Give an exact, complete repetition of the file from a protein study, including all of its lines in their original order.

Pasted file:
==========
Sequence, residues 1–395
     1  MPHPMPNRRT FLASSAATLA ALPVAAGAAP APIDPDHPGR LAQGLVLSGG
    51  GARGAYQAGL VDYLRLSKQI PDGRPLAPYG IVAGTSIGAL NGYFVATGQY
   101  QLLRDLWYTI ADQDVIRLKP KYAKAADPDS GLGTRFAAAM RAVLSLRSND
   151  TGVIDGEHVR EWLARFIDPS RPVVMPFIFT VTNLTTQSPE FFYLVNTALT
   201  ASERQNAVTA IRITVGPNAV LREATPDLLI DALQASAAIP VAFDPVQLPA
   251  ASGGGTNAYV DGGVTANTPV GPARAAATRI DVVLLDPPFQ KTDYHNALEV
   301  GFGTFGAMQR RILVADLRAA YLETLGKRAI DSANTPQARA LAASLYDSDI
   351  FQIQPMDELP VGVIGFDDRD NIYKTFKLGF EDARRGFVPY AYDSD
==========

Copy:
Sequence, residues 1–395
     1  MPHPMPNRRT FLASSAATLA ALPVAAGAAP APIDPDHPGR LAQGLVLSGG
    51  GARGAYQAGL VDYLRLSKQI PDGRPLAPYG IVAGTSIGAL NGYFVATGQY
   101  QLLRDLWYTI ADQDVIRLKP KYAKAADPDS GLGTRFAAAM RAVLSLRSND
   151  TGVIDGEHVR EWLARFIDPS RPVVMPFIFT VTNLTTQSPE FFYLVNTALT
   201  ASERQNAVTA IRITVGPNAV LREATPDLLI DALQASAAIP VAFDPVQLPA
   251  ASGGGTNAYV DGGVTANTPV GPARAAATRI DVVLLDPPFQ KTDYHNALEV
   301  GFGTFGAMQR RILVADLRAA YLETLGKRAI DSANTPQARA LAASLYDSDI
   351  FQIQPMDELP VGVIGFDDRD NIYKTFKLGF EDARRGFVPY AYDSD